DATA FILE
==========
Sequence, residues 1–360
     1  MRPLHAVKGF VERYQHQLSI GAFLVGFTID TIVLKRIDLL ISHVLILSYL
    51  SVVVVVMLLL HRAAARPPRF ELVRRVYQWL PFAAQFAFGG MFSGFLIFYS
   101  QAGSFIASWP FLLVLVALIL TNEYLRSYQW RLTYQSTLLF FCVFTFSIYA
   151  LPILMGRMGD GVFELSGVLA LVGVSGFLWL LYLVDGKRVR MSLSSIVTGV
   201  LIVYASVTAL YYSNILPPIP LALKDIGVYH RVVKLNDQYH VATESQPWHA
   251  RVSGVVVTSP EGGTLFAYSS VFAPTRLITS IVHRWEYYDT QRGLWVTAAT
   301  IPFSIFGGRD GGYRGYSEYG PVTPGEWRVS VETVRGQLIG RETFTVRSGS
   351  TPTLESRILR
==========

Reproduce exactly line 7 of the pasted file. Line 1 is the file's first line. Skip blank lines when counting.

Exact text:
   251  RVSGVVVTSP EGGTLFAYSS VFAPTRLITS IVHRWEYYDT QRGLWVTAAT